From the window the river rinses the dark. I twist the wedding beads around my neck. I’ve lost my ring, silver and antique, bought from the night market in the other world across the ocean, color of dull lead, color of the pan I scrub and burn in the sink. * Catullus wrote, I hate and love, and he wasn’t talking about marriage. * Not talking about the blacked-out window crossed with hurricane tape, like a movie screen, a page redacted, your hand erasing a blackboard with an eraser’s soft compliant body.
Compendium of Lost Objects
Not the butterfly wing, the semiprecious stones,
the shard of mirror,
not the cabinet of curiosities built with secret drawers
to reveal and conceal its contents,
but the batture, the rope swing, the rusted barge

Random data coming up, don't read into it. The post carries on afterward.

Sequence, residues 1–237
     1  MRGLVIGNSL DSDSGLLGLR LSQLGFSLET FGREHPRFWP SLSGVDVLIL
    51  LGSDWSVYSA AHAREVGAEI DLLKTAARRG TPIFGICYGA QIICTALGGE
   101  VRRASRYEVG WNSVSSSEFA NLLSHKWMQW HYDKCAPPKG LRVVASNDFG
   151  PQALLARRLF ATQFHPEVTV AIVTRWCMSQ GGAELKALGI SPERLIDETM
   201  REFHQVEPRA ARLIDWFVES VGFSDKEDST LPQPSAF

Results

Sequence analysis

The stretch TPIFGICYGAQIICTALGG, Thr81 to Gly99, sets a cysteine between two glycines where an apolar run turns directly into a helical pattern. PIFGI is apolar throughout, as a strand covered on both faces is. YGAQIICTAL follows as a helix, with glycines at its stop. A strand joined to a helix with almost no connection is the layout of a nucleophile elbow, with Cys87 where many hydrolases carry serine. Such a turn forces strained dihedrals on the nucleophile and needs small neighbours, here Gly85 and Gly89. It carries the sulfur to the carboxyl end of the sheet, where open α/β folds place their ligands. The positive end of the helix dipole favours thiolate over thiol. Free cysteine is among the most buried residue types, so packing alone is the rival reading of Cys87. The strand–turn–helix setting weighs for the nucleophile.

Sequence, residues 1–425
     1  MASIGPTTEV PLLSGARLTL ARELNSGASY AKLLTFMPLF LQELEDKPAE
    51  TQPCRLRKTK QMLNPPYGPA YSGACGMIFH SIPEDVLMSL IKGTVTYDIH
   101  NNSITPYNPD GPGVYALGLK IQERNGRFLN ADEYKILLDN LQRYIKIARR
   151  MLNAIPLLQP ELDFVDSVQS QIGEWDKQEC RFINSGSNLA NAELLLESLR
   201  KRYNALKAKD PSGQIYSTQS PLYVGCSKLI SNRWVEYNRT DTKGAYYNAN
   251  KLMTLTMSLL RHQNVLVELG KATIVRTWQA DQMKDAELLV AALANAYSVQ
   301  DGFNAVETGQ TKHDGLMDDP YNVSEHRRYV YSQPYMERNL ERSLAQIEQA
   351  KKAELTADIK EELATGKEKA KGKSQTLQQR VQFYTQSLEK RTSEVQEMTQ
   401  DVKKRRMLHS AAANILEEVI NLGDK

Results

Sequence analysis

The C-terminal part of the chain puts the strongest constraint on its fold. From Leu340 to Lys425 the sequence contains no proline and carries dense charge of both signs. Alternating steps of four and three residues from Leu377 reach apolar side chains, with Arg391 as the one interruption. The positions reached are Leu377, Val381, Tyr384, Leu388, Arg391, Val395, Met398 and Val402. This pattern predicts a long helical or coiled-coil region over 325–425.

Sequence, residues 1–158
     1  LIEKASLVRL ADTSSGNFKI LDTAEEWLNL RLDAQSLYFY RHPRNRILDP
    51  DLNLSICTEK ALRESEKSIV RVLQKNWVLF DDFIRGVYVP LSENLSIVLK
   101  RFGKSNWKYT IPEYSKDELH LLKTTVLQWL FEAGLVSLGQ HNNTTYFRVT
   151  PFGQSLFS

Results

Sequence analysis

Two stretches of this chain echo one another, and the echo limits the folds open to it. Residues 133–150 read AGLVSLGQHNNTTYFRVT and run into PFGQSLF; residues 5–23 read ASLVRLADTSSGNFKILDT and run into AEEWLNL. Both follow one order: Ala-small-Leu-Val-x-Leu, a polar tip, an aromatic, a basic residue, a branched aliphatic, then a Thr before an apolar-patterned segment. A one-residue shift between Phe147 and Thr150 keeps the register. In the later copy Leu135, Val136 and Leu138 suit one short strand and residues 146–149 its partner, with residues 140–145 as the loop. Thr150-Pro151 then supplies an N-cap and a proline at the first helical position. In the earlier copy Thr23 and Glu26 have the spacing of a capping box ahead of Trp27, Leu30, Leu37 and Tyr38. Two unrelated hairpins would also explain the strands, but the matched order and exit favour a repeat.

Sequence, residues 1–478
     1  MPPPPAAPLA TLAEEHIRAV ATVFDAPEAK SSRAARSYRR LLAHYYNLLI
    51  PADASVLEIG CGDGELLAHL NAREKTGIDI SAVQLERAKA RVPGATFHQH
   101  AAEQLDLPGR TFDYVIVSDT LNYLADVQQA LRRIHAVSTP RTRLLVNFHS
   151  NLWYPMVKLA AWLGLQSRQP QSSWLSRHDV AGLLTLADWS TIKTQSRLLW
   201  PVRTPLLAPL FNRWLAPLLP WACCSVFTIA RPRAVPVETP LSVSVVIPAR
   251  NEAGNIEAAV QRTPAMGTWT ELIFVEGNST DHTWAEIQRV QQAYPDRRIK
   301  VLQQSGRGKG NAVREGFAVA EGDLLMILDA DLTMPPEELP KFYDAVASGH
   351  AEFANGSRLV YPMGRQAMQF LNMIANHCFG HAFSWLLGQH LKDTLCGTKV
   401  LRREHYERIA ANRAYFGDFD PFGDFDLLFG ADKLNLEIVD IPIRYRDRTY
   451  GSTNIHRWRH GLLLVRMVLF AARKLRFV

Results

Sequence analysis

sunk at the water’s edge
or the park’s Live Oaks you walked through
with the forbidden man
or the pink-shuttered house on the streetcar line
where you were married
or the green shock of land off I-10, road leading
you away from home.
Not any of this
but a cot at the Superdome sunk in a dumpster
and lace valances from a Lakeview kitchen where water
rose six feet high inside
and a refrigerator wrapped in duct tape lying
in the dirt of a once-yard
and a Blue Roof and a house marked 0 and a
kitchen clock stopped at the time the hurricane hit.
Because, look, none of this fits
in a dark wood cabinet for safekeeping.
This is an installation
—never seen again.